Strategy illustration Strategy theory

Specialisation, trade and exchange

Modern society is based on specialisation, trade and exchange. Employees specialise in given occupations. Machines specialise in certain tasks. Regions and countries specialise in producing goods and services. If people and other resources concentrate on things which they do relatively well, then everyone usually benefits. Specialisation results in an increase in output and well being.

It pays individuals to concentrate on what they do best. If I can earn £10 an hour from writing this website and it only costs £8 an hour to have someone paint my house, then it will make sense for me to sit and write while the decorator paints. However, things can't just be weighed up in money terms - you also need to consider the satisfaction or dissatisfaction you get from a particular activity.

Principle of specialisation

It also pays groups to let individuals specialise. For example, Jane and Roger can both cook and grow vegetables. However, Roger is twice as good at cooking as Jane, and half as good at growing vegetables. It therefore makes sense for Roger to cook and Jane to grow vegetables.

The principle of specialisation can be applied to trade between areas and between countries. It helps to explain why Scotland might specialise in whisky production and Uganda in growing cotton.

Specialisation is often explained in terms of comparative advantage. The principle of comparative advantage is that individuals, groups and nations should concentrate on those activities at which they are better, leaving others to concentrate on things at which they are worse. After all, in the real world everyone will be relatively good at something.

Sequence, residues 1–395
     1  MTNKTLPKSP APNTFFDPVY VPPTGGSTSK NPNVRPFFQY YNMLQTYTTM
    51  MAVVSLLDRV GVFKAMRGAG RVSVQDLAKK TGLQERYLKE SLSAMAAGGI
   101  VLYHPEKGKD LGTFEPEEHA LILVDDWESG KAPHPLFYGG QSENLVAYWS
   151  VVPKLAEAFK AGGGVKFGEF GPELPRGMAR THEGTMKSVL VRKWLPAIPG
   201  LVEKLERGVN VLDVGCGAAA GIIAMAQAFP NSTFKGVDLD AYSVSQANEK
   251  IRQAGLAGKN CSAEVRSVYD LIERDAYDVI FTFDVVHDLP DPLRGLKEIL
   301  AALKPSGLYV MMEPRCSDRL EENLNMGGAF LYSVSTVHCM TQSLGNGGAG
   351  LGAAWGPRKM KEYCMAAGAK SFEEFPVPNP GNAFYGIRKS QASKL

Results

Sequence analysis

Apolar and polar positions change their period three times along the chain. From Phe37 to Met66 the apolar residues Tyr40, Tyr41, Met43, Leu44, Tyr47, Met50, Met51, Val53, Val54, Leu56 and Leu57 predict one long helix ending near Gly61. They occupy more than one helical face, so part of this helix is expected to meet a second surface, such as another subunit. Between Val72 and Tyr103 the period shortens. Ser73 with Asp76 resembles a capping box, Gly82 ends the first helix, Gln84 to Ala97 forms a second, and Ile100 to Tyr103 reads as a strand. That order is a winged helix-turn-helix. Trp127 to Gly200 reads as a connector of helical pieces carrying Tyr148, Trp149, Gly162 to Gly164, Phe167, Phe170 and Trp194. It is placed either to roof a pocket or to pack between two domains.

The principle of comparative advantage also applies to companies which concentrate on their best lines:

  • Cummins on providing engines
  • Kellogg's on producing cereals
  • Coca-Cola and Cadbury Schweppes on producing soft drinks and confectionery
  • Argos and Travis Perkins on retailing, etc.

In modern economies the principle means of exchange is money. The value of items that are traded is priced in £'s, Euros, etc. However, some exchange does still take place through a barter process where physical items are exchanged for each other without the use of money. Labour time can also be bartered e.g. a person does electrical work for someone else in exchange for carpentry work, etc.

Supporting Documents

These downloads will help to put strategy theory into context using real world examples from real businesses.

Leading a revolution in banking
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Find out how Intelligent finance applied strategy theory to thrive in the financial services industry by downloading our premium case study.

Using the marketing mix to drive change
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Find out how Parcelforce Worldwide applied strategy theory to thrive in the logistics industry by downloading our premium case study.

The use of social media in promotion
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Learn how National Trust used strategy theory to thrive in the non-profit industry by downloading our premium case study.

Using sports marketing to engage with consumers
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Learn how Kia Motors applied strategy theory to thrive in the automotive industry by downloading our premium case study.

Meeting customers' needs
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Find out how Travis Perkins used strategy theory to succeed in the construction industry by downloading our premium case study.